The city - sliced, diced and served with a dash of sauce
What are you likely to see in the annual Vintage Car & Motorcycle Fiesta to be held on Sunday, March 9? Some of the most beautiful cars and motorcycles from 1940 till 1980 and some rare cars till 2013 which fall into the “modern classics” category.
Fali Dhondy’s 1929 Rolls Royce, a former winner in the Vintage category
For the first time, the late G D Birla’s 1960 Cadillac is entering the fray and will be driven by his great-granddaughter-in-law, Neerja Kumar Birla. She will join other women drivers in the rally the seasoned Hiral Dossa and Niloufer Eapen who have both won many events in the past.
Hemant Kumar Ruia’s majestic 1919 Minerva
Incidentally, Hiral Dossa will be in a 1933 Hudson, the only one left in the world, and Niloufer Eapen in a 1928 Ford Model A. Anuja Parikh will be in a 1969 Volkswagen. Other cars participating include Rolls Royce, Bentley, Packard, Wolseley, Morris, Austin and Buick.
Over 140 cars and motorcycles are participating, along with the first car imported last month from the US after the government opened up imports — a 1947 Cadillac driven by Anju Dossa.
The city actually gets a curtain-raiser for the rally as these cars are to be lined up at the Kala Ghoda car park today from 11 am to 5 pm for inspection. On Sunday, they will be flagged off from Horniman Circle at 9 am. The cars go from Horniman Circle to Acres Club, Chembur, and back.
Bus, enough canoodling!
A ride on a BEST bus in the city often gives one something to think about or laugh at. Often these happen to be drivers’ or conductors’ witticisms — for sure they see enough interesting stuff around them, both inside and outside the bus, on their trips.
At a bus stop recently a young couple were waiting, holding hands and murmuring sweet nothings to each other. When their bus arrived the young man saw his beloved off, helped her board the bus, and waved a goodbye kiss.
The bus was relatively empty and the young woman continued standing near the door, waving and smiling sweetly at him, reluctant to move in and take a seat. The bus driver finally got impatient and said, “Valentine’s Day is over, now please sit!”
TCS (TICKET checkers) are a dreaded lot, and with good reason. Those who have forgotten to buy tickets or to renew their season passes know all too well the sinking feeling when they hear the familiar words, “Ticket, pass... ticket, pass...” And with the ticket-checking drive having been recently enhanced, it is all the more vital that commuters have valid tickets.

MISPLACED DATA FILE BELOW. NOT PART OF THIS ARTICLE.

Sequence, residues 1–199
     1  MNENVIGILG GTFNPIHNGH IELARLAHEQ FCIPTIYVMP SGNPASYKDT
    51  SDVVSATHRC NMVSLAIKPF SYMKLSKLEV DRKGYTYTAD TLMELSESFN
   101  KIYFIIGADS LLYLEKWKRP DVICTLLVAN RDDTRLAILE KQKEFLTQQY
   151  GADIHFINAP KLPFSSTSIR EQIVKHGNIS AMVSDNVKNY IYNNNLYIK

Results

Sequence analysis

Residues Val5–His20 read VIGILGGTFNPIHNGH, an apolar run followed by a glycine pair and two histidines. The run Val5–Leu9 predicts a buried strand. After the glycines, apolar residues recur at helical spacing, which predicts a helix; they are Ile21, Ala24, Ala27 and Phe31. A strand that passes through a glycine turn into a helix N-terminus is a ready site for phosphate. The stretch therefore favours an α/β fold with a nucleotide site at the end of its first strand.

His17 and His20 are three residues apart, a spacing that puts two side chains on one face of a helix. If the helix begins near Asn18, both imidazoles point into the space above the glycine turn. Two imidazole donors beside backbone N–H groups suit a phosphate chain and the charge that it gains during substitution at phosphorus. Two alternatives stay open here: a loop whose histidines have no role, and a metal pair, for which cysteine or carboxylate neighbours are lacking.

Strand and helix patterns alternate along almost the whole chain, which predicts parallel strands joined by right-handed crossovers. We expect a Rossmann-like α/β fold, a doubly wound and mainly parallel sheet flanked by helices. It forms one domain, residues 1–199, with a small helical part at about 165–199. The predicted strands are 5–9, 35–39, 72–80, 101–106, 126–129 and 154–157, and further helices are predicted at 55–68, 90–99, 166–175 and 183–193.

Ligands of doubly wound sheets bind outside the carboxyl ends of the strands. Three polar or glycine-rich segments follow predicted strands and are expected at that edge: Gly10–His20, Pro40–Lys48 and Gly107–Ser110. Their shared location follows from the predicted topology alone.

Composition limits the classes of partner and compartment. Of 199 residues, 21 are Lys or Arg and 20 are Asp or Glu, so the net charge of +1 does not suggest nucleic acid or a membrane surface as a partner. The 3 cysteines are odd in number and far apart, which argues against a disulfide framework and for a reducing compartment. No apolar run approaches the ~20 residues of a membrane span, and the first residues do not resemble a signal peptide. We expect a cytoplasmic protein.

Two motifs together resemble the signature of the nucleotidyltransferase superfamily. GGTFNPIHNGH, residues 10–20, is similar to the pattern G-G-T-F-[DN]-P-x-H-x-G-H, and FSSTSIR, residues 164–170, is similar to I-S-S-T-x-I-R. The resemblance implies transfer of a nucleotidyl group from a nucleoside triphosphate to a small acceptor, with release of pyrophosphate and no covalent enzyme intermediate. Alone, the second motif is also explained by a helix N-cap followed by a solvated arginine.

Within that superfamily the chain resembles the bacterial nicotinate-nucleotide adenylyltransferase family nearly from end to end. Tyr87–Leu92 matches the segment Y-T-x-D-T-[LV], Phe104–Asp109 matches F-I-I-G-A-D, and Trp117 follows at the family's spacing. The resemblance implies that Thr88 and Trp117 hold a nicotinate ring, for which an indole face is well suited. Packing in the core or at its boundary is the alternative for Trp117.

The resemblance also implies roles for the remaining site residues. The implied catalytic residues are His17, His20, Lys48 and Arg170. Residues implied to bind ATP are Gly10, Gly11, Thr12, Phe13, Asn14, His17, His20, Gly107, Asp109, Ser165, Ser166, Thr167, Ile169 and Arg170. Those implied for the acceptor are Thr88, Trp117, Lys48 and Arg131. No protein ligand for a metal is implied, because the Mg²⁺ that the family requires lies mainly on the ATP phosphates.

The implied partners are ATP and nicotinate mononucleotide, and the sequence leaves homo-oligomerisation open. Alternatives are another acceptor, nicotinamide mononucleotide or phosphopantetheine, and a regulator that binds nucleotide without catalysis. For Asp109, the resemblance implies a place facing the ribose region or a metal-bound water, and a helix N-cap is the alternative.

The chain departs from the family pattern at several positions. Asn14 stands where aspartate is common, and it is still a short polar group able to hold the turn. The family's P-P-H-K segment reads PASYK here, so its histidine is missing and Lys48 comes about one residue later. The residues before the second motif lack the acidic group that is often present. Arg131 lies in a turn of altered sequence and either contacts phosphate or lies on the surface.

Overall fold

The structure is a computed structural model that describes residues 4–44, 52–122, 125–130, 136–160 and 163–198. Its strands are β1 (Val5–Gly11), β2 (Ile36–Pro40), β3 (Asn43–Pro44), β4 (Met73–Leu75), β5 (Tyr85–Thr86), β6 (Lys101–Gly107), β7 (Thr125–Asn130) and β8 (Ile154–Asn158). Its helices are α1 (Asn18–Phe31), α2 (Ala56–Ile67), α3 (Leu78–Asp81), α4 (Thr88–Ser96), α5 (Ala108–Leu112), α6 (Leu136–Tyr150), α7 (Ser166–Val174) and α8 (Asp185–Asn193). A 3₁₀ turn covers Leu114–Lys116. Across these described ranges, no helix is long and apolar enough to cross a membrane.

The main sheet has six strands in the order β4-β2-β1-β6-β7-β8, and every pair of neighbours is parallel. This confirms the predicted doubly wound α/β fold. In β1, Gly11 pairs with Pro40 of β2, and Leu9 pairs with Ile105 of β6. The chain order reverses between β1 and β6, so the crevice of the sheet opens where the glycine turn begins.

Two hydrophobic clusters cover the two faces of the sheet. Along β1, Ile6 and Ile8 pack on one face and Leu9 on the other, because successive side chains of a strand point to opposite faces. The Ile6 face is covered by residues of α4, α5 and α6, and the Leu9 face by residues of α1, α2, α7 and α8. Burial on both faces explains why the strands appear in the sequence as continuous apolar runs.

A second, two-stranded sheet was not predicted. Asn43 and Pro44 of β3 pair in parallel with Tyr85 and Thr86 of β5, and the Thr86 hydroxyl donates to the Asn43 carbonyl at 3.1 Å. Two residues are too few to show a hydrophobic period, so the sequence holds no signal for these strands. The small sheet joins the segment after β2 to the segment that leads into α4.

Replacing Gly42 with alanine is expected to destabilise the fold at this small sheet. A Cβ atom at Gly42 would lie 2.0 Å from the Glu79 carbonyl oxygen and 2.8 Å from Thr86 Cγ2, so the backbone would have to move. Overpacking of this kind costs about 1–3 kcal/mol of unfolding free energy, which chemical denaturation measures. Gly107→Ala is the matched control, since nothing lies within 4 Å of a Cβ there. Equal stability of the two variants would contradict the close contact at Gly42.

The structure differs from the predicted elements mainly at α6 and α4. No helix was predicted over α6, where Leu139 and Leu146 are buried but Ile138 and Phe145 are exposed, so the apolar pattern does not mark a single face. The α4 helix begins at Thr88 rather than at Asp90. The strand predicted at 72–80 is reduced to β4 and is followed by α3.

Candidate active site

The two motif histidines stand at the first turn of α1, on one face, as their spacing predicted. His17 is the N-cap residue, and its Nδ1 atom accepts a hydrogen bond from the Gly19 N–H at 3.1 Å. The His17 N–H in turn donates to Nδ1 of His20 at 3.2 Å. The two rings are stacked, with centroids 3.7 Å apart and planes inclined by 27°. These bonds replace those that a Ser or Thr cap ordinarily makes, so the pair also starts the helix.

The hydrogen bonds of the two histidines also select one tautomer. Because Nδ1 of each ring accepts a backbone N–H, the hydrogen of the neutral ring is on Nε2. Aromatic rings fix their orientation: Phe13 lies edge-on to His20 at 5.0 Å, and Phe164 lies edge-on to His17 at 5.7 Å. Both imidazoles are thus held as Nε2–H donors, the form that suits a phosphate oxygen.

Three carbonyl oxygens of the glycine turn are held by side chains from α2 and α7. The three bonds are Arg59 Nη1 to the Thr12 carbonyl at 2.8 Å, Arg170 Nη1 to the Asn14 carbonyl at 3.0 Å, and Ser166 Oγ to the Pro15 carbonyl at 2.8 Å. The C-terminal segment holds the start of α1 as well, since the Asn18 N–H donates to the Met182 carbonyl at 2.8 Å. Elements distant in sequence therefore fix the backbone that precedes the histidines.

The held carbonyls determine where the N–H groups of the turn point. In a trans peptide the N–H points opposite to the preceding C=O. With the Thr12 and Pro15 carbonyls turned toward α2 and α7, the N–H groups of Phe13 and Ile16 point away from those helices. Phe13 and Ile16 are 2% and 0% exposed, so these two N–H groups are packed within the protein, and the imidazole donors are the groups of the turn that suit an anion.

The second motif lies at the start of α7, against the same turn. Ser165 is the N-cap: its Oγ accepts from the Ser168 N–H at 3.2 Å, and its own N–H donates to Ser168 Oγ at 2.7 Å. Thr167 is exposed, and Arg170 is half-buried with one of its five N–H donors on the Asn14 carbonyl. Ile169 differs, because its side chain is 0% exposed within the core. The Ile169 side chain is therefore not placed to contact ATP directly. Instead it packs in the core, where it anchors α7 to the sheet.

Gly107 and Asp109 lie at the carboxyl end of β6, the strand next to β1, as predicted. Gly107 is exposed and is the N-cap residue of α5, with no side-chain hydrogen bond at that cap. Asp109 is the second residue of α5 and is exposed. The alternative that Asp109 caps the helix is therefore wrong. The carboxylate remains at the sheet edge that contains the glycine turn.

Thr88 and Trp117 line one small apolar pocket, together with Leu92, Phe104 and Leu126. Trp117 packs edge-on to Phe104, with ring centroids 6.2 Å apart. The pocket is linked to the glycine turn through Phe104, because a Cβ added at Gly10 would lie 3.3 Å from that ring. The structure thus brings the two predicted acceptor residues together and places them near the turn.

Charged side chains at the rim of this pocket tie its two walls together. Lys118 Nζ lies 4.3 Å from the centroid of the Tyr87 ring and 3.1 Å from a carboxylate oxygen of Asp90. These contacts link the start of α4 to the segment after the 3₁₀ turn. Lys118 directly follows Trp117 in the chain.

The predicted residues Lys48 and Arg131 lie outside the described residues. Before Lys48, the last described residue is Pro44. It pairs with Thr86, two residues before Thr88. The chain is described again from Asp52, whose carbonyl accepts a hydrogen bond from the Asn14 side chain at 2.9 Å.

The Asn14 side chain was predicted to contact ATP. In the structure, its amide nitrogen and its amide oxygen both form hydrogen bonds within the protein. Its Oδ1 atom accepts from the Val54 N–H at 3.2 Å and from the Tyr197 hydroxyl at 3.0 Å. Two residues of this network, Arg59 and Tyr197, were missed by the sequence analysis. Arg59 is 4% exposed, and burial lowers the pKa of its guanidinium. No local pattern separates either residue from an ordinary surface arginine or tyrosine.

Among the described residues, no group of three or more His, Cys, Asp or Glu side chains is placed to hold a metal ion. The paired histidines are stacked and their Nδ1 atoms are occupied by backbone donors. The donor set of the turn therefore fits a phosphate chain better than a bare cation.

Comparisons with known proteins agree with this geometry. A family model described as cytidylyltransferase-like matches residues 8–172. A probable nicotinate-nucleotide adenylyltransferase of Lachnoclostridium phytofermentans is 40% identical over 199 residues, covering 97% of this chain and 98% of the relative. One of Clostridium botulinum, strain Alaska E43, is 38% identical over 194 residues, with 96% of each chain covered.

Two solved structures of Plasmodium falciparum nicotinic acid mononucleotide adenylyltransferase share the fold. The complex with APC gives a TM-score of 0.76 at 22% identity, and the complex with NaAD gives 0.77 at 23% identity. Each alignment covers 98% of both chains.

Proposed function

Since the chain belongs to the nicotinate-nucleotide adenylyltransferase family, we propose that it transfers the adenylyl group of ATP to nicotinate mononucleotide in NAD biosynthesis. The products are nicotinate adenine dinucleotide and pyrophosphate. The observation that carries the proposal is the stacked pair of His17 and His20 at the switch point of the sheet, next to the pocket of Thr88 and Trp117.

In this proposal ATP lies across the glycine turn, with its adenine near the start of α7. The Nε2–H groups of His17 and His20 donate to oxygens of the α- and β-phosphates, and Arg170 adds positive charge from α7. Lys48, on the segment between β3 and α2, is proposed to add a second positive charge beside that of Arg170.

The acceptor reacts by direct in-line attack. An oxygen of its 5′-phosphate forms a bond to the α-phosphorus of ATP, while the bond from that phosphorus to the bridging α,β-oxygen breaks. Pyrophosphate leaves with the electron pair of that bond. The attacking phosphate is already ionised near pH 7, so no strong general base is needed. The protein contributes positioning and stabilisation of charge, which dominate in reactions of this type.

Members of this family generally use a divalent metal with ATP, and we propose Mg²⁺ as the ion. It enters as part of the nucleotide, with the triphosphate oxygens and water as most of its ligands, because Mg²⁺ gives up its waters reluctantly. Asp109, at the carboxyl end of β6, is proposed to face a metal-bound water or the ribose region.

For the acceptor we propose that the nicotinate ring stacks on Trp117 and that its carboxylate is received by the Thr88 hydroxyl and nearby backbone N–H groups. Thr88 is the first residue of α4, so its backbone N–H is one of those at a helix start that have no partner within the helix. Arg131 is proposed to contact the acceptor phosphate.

But there is one group of train commuters who can unofficially breathe easy for a short period. These are students who are on their way to answer SSC and HSC examinations.
Some TCs were overheard chatting with one another at a Central Railway station the other day, saying that if they happen to catch SSC or HSC students without a ticket, but on their way to answer their exams, then they don’t penalise them.
One reason is that holding them up for fine payment could cause them to be late for their exams. Also, as one of the TCs put it, “They already have enough tension with the exams, why should we add to their stress?”
We won’t name the TCs or even the station where we eavesdropped on them, just in case they get into trouble. But if they’re reading this, then a doff of our hat for their kind hearts!
Caring for caddies
Golf may not be a contact sport like football or rugby, but that doesn’t mean it’s any less dangerous.
Time and again there are incidents when caddies (those who carry golf kits and accompany players across the course), get hit by random balls flying across the expansive courses.
In 2012, a caddie at Delhi’s Qutub Golf Course died as a result of brain injuries he suffered after being hit by a golf ball. In Delhi, it is compulsory for caddies to wear helmets, but not many courses enforce the rule strictly.
That’s why it was great to hear a golf consulting company and a real estate company, announce a first of its kind Caddy Welfare Programme at the recent CII Asia Golf Industry Show 2014.
As part of the initiative, caddies who register themselves with the GolfLAN network are entitled to a health insurance cover of Rs 2 lakh and will also be provided with branded apparel for daily work.
The initiative is set to cover more than 1000 caddies over the next six months. Sadly, though, the programme is only for caddies across cities in North India.
Caddies from Mumbai and other golf-loving cities across India will have to wait and continue to watch out for that flying golf ball!
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